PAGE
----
A couple of nights later, he learned that not only was she the second daughter of Billy and Ruth Graham, but that Billy Graham himself had called and asked FCA leader James Jeffrey if there was a suitable Christian young man at the conference that Anne could date.
“Daddy hadn’t been around much when I was dating,” Anne recalls. “And he noticed that I had gone out with several different boys over about a one-week period. I wasn’t really in a dating relationship with any of them. I was just having fun.” Then, with a grin, she adds: “My mother was fine with it, but it made Daddy a little nervous.”
Danny, 11 years Anne’s senior, made his interest known to Jeffrey.
“It was between me and Steve Sloan, who was a great quarterback at Alabama,” Danny says. “But Steve was engaged, so I was the one left.”
Danny picked Anne up the next day and brought her to the FCA camp. He returned her to her parents’ home by her 11 p.m. curfew, and he sat up until 2 a.m. talking with her mother.
On their third date, over a chocolate ice cream soda, in Denver, Colo., where Mr. Graham was having a Crusade, Danny told Anne he was in love with her and wanted to marry her.
“May I pursue the relationship?” he asked.
“It’s a free world,” Anne said. “You can do what you want.”
“I wasn’t too encouraging,” she grins. “I wasn’t in love with him.”
Danny had always been a hands-on father to son Jonathan and daughters Morrow and Rachel-Ruth, but that role increased as Anne’s work with Bible Study Fellowship required more and more of her time.
Rachel-Ruth recalls that her dad could hardly wait to come home from work every day to play with her and her siblings. He taught them baseball, basketball and football and even built a tennis court in their backyard.
Danny practiced strong discipline with his children, but he could also show mercy. Rachel-Ruth remembers the time she slammed the glass door on her sister, Morrow, and it broke. Afraid, she went to her room and hid. Her heart pounded when she heard her dad coming up the stairs. When he opened the door, he said, “Rach, do you know the meaning of grace?”
“I think so,” she said.
“Well, I am going to take you and buy you some ice cream.”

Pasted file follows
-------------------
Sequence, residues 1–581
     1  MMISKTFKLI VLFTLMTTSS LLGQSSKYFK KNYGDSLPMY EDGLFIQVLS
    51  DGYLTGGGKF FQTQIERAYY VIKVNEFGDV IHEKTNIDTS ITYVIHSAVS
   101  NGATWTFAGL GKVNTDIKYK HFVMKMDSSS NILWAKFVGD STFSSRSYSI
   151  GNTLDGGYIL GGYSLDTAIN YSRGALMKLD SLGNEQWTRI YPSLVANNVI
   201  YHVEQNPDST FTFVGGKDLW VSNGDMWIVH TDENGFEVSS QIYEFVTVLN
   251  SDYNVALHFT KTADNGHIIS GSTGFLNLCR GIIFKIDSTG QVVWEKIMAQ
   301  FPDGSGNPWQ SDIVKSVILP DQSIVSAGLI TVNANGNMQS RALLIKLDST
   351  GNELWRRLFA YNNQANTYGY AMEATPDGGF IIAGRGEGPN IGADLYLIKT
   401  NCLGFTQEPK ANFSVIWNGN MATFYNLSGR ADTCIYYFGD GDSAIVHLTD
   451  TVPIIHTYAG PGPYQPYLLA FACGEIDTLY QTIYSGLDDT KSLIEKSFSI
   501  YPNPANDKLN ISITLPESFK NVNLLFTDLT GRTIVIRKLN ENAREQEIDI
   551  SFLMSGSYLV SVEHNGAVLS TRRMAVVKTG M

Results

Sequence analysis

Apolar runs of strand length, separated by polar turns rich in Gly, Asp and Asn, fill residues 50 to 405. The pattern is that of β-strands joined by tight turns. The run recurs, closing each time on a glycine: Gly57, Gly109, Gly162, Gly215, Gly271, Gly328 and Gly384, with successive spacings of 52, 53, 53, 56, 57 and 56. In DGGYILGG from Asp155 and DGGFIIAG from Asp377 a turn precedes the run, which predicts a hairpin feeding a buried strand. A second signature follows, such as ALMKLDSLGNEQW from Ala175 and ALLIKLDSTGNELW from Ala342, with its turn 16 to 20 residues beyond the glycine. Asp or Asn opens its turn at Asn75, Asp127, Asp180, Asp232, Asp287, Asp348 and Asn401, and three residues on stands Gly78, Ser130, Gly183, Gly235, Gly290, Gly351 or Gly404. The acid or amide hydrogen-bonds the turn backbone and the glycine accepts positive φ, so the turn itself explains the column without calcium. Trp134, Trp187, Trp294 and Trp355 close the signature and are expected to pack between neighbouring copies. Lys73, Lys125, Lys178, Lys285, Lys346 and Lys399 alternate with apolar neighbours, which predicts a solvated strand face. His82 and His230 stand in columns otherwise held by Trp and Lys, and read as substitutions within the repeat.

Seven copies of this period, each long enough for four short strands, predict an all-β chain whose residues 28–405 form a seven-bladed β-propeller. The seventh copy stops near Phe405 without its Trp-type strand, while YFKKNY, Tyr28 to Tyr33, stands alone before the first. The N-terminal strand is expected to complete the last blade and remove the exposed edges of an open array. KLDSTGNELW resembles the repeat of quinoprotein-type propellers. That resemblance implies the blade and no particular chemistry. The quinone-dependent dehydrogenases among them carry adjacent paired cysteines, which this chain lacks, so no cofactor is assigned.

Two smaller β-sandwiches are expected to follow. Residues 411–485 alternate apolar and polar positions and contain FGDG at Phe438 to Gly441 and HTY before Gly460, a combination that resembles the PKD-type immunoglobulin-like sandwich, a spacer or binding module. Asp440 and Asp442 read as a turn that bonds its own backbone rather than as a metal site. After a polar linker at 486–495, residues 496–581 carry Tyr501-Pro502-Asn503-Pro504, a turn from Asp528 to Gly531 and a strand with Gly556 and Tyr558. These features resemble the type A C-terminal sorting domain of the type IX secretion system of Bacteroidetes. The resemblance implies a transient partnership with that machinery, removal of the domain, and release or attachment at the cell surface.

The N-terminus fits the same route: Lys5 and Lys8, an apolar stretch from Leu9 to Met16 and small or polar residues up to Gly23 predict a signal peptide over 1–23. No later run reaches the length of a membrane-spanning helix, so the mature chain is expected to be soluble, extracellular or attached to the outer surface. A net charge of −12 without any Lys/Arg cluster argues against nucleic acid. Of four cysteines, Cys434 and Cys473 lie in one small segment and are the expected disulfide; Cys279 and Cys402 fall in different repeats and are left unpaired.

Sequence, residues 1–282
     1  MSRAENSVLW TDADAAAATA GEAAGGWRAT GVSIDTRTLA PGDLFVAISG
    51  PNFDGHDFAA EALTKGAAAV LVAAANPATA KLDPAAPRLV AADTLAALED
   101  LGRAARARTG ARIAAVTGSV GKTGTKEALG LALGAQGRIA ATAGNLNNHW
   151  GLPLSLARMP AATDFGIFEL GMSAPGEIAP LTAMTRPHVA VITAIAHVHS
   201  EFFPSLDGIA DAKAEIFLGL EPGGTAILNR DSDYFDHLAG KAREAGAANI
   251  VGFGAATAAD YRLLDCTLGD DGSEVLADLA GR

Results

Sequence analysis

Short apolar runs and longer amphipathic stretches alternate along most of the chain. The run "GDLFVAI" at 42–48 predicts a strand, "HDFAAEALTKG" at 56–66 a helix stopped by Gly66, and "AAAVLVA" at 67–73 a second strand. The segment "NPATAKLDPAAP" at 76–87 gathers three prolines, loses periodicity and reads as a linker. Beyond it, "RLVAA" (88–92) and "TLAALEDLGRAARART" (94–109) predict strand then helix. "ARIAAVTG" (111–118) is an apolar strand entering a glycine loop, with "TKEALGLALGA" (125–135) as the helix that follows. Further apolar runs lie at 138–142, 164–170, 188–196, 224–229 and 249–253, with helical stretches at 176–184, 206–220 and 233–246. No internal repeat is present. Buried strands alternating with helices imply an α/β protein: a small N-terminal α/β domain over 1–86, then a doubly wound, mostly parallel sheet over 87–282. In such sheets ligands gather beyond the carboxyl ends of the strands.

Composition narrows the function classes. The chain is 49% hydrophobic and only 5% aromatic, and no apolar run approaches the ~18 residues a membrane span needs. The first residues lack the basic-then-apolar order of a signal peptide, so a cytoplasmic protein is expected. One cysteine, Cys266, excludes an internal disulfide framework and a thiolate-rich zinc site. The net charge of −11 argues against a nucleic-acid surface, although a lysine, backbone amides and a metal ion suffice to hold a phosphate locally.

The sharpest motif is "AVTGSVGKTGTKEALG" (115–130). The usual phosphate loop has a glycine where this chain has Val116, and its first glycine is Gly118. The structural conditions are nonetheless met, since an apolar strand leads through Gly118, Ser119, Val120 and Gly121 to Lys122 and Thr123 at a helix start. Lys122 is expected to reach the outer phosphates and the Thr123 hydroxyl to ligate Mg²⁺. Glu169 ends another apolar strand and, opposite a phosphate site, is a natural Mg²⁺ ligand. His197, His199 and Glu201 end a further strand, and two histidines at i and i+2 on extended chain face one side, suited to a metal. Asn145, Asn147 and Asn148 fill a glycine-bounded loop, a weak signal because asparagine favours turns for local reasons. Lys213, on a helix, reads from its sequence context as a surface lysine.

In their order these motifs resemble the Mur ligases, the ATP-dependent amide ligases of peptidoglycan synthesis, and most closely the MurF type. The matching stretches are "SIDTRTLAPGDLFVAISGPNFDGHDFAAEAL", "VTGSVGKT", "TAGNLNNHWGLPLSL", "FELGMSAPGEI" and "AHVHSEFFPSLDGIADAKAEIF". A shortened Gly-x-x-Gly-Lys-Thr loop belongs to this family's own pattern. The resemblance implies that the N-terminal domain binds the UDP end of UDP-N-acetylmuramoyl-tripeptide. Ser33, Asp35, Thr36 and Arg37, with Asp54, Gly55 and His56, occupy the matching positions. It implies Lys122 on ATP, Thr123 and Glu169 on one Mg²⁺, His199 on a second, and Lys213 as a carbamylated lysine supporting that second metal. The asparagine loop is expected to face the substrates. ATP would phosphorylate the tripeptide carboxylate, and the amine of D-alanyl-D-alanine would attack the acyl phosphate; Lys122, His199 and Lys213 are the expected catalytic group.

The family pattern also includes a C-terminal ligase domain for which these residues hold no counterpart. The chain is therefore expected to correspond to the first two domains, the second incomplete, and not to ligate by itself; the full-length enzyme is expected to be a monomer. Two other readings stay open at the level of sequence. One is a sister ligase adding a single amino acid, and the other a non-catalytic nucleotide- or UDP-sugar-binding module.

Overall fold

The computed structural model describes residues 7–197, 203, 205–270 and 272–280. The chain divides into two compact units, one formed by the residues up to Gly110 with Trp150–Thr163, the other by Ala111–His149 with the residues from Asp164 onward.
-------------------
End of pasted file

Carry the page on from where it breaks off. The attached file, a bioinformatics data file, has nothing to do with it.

“I have always remembered that,” she said. “It has been a reminder to me to show grace to my own kids. And in a very small way, it serves as a reminder of the grace that Jesus Christ has shown to us through His death on the cross.”
Danny has spent his life showing God’s grace and extending generosity to others.
“When I first came to Raleigh, I was with the Navigators ministry,” says Jim Young, a close friend who attends Danny’s Friday morning Bible study.
“Danny became my dentist and through the years, all the way up through his retirement, he never let me pay for his services,” Jim explains. “And I’m certain I’m not the only one. Even now, when we go out to lunch, it is a battle to get him to let me pay.”
These days, the men Danny has mentored have ample opportunity to minister to him. A diabetic since age 50, Danny now takes dialysis three days a week. He has lost some of his hearing in one ear, and he has neuropathy in both legs, requiring him to use a walker much of the time.
A team of his friends picks him up for dialysis in the mornings and brings him back home in the afternoons. Albert Long drives him to the annual FCA conference in Black Mountain every summer, where they talk about some of the sports greats they have had the opportunity to meet. Names like Bobby Richardson, Tom Landry, Dave Dravecky and Tony Dungy.
Danny’s faith has never wavered throughout his illness. He thrives on his family, his Bible studies, the special love he shares with his friends, and the promise of Heaven. But he knows he must first finish the game of life.
“You’re in overtime right now,” Jim tells him. “There’s still a game to be won and there’s still minutes to play. So we’ve got to keep going.”
Which brings Danny back to one of his favorite Bible verses:
“And I am sure of this, that he who began a good work in you will bring it to completion at the day of Jesus Christ” (Philippians 1:6, ESV).
“God’s not finished with me yet,” he told the men at one of his Friday morning Bible studies in January. “He’s not finished with any of us.” ©2015 BGEA